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Ferrara, ideal city

A walk through the heart of Ferrara becomes a step back into the Renaissance. The old town centre, a UNESCO World Heritage Site since 1995, is a wonderful example of a city designed in the 15th century that has remained largely intact.


From Palazzo dei Diamanti, the Este family residence so named because of the circa 8,500 diamond-shaped ashlars that cover two façades, to the great expansion of the city under Duke Ercole I, known as the Herculean Addition. In 1492, architect Biagio Rossetti conceived an urban plan that extended the centre to include all the most prestigious buildings. In terms of uniqueness and rationality, it was the “first modern city in Europe” - an ideal city, with straight, wide roads, squares, gardens and superb architecture, crossed by Corso Ercole I d’Este, known as “the most beautiful road in Europe”.


Hosting many important collections, majestic and prestigious palaces, like the Palazzo Massari complex (currently closed for restoration), continue as far as Piazza Ariostea, home to the recently-restored statue of the poet Ludovico Ariosto.


From here, it is easy to reach the huge and enchanting Tempio di San Cristoforo alla Certosa or the house once owned by the poet Ariosto. Continuing along Corso Ercole I d’Este and heading beyond the walls leads to the other modern addition, Parco G. Bassani, the city’s “green lungs”.



last modified May 09, 2021 02:17
Not to be missed...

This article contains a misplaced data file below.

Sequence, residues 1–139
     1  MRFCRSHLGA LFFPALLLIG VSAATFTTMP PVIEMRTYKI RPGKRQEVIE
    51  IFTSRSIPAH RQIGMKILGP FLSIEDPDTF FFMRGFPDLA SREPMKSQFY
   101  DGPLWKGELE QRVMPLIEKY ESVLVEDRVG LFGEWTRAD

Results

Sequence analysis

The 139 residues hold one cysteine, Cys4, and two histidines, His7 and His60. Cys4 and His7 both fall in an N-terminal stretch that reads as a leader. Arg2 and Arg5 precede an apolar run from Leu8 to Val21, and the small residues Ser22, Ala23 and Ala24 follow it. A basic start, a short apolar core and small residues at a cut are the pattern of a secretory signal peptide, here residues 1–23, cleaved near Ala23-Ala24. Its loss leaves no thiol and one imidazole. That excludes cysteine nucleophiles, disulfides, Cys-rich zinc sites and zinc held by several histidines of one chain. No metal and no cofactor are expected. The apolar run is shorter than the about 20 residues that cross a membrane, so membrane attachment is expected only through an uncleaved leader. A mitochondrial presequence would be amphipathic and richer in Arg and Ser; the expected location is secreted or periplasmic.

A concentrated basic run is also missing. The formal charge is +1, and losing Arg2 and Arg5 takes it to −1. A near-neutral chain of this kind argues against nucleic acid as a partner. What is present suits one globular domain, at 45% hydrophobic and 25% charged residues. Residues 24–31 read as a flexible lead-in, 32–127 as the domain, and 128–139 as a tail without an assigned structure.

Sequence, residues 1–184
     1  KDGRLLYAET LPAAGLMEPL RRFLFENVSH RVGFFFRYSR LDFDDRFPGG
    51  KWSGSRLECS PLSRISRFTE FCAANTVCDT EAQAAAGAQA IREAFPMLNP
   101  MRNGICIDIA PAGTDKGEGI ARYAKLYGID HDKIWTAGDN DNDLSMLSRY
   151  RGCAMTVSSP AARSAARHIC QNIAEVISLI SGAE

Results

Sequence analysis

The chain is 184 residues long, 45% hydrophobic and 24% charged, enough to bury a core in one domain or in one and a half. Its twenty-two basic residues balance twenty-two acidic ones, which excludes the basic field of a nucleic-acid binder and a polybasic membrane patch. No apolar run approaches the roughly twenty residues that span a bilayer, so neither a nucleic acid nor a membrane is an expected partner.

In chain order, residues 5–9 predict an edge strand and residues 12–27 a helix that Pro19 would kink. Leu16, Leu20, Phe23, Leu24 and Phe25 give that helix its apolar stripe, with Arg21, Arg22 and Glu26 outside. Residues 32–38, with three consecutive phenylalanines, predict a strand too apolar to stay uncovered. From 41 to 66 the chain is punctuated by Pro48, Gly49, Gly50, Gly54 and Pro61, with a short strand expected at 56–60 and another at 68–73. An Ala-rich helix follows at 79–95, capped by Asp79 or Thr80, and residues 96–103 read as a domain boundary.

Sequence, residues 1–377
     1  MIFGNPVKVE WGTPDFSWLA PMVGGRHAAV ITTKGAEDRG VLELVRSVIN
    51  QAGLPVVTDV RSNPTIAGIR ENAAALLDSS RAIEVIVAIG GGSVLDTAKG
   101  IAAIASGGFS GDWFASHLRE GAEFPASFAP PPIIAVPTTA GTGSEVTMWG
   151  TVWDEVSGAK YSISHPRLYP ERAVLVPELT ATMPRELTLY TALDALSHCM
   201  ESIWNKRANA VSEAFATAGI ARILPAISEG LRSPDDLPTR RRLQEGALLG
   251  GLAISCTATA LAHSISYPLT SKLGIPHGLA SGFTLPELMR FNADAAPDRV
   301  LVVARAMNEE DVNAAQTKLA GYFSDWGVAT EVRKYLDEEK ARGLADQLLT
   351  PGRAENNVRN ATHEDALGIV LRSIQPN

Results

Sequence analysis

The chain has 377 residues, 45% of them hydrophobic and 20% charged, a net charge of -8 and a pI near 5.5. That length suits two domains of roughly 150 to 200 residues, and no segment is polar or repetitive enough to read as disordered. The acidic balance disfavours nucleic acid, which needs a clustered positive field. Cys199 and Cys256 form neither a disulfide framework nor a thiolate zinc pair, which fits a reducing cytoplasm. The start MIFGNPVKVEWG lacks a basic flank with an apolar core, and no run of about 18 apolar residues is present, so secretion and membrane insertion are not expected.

An architectural triumph, designed by Biagio Rossetti and built at the heart of the Herculean Addition, on the important crossroads known as “Quadrivio degli Angeli”, it was once home to Sigismondo d’Este. Covered in about 8,500 pink and white marble ashlars, it is considered one of the masterpieces of the Renaissance.

Designed by the architect Biagio Rossetti and standing on Corso Ercole I d’Este, this monumental palace once belonged to Giulio d’Este, protagonist of a dramatic event that befell Ferrara and the Este Court in the early 16th century: the plot against Duke Alfonso, which he hatched with his brother Ferrante, is remembered by the writer Ludovico Ariosto in The Frenzy of Orlando (Orlando furioso).

Built for Francesco da Castello, personal doctor of Ercole I d’Este, this is the oldest palace in the Herculean Addition. Mentioned in the ode written by Carducci, To the City of Ferrara (Alla Città di Ferrara), it boasts a magnificent monumental portal.

The monumental crossroads between Corso Ercole I d'Este and the Corso Porta Mare - Corso Biagio Rossetti axis, it is overlooked by Palazzo Prosperi Sacrati, Palazzo Bevilacqua, Palazzo Turchi di Bagno and Palazzo dei Diamanti. Each building has a well-defined architectural significance in the urban plan of the Herculean Addition.

In 1492, Ercole I d’Este appointed architect Biagio Rossetti to incorporate the prestigious buildings located north of Este Castle into the town centre. The architect designed the Herculean Addition, an urban plan that, thanks to its originality and rationality, made Ferrara the first modern city in Europe.

The main road in the Herculean Addition, it leads from the castle to Porta degli Angeli. There are no commercial businesses along it, but it is flanked by beautiful Renaissance palaces.

This is the biggest public park within the city walls; as well as the two ancient Lebanon Cedars at its entrance, it boasts yew trees, an imposing ginkgo and an enormous English oak near the entrance on Corso Ercole I d’Este.

This was the last important building constructed in the Este era. It was commissioned by Count Onofrio Bevilacqua in a prime urban location, between the Quadrivio degli Angeli and ancient Piazza Nova, now Piazza Ariostea.